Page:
What is private mortgage insurance (PMI)? PMI is generally required to qualify for a mortgage or refinancing on a first or second home when the borrower has less than a 20% down payment or less than 20% equity in their property. It is insurance to protect the lender in case the borrower defaults on mortgage payments. The borrower pays the premiums and the lender is the beneficiary.
The PMI premium (cost) may be paid either in a one-time payment at closing, or in installments added to the borrower’s monthly mortgage payment. A number of factors should be considered to determine which payment method is best for you, such as when you plan on selling your home or if you expect to refinance in the future.
One advantage of making monthly payments is that they are not necessarily required for the entire term of the loan. The borrower may notify the lender when the loan-to-value ratio (the loan amount divided by the property’s value) falls to 80%. PMI payments automatically end when the borrower is current on all loan payments and the loan-to-value ratio falls below 78%. Be sure you ask your lender if they require certain documentation prior to the cancellation of the monthly PMI payments.
The cost of the premium for PMI varies depending on the loan-to-value. Generally, the lower the loan-to-value, the lower the premium will be. A borrower with greater equity in the property, such as a borrower who makes a 10% down payment, will have a lower premium than a borrower who makes a 5% down payment.
Another factor affecting the PMI premium is the borrower’s credit rating. As with other loan features, such as the interest rate, a better credit score can mean a lower premium. Borrowers are encouraged to check their credit rating periodically and to take steps to improve it, if needed, before applying for a loan.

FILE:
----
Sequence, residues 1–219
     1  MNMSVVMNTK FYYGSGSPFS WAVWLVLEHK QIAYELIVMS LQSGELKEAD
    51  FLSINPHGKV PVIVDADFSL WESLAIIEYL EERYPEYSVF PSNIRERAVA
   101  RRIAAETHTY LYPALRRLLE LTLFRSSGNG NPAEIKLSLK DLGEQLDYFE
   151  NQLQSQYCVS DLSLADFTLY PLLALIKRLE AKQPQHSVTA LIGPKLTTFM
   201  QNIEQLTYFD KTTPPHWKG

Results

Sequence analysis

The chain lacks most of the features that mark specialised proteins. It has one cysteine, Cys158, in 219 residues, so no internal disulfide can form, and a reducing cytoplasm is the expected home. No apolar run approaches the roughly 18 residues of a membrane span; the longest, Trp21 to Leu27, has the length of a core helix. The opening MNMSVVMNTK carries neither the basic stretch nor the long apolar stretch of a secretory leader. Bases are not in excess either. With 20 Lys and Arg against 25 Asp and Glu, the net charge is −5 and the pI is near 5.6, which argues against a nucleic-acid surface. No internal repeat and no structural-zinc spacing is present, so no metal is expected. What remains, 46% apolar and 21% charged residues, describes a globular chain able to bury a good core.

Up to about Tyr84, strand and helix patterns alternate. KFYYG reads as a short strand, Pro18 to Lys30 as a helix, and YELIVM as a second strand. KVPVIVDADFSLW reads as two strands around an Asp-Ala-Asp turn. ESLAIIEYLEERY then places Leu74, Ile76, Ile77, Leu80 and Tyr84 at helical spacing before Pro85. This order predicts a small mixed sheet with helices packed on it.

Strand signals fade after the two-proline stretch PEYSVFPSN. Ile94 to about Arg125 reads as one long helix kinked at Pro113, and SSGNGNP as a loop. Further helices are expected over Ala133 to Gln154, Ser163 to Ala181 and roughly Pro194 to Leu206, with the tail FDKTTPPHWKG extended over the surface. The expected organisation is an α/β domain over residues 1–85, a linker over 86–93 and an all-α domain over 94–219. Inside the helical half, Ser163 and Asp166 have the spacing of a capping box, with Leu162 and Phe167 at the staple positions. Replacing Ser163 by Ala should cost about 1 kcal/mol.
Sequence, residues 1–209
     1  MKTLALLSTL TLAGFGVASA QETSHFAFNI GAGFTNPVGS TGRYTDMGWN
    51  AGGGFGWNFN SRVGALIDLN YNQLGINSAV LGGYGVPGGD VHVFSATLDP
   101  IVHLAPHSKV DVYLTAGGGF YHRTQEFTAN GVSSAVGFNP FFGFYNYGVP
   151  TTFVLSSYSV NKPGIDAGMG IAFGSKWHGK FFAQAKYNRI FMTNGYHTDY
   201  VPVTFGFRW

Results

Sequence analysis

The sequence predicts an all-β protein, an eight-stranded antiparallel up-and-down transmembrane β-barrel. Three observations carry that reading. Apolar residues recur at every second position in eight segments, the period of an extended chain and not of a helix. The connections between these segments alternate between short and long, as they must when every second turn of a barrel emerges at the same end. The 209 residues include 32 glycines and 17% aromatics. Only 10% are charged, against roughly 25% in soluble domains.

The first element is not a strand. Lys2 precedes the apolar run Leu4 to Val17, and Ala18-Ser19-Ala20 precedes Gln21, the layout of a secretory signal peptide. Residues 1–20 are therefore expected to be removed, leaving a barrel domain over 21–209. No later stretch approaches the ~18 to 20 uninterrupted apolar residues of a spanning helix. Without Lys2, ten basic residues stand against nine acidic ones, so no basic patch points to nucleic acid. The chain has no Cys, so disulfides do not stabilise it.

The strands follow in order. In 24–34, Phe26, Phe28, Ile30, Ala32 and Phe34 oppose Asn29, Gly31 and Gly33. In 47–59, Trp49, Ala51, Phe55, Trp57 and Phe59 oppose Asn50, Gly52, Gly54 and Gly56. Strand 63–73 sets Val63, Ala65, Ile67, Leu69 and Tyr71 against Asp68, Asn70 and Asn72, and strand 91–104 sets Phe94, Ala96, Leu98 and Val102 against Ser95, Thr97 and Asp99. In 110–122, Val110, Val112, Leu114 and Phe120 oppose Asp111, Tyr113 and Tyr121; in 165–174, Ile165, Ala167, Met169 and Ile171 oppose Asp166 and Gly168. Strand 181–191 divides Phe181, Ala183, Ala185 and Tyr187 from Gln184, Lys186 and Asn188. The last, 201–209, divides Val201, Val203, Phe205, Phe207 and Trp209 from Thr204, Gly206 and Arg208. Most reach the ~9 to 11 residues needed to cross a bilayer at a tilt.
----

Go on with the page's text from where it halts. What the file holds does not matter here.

It’s a good idea to get all the facts from your lender before deciding if PMI is right for you. Here are some tips to get you started.
- Do your homework. Determine the purchase price you can afford and the amount of the down payment you can make.
- Ask your lender, before applying for the loan, what the premium for PMI will be. Find out how much you will save on the PMI premium if you increase your down payment. A similar analysis can be made if you are refinancing – – inquire as to the PMI premium savings if you reduce your loan amount.
- Compare the cost of paying the PMI premium in a one-time payment at closing to paying monthly installments. Consider how long you anticipate owning the home. The shorter the period of ownership, the more attractive monthly payments may be.
- If you opt to pay monthly PMI premiums, verify the point at which the payments will no longer be required based on the property’s future loan-to-value ratio.
The U.S. Federal Trade Commission has information about PMI on its website consumer.ftc.gov. For more information or to speak with a Lakeland Bank representative to learn more about mortgages, please contact us.